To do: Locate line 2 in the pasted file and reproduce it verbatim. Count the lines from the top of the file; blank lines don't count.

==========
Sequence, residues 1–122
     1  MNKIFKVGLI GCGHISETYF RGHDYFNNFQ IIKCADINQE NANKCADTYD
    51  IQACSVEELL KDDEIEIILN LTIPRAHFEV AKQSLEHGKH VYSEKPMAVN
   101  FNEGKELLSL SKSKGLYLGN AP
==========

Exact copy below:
     1  MNKIFKVGLI GCGHISETYF RGHDYFNNFQ IIKCADINQE NANKCADTYD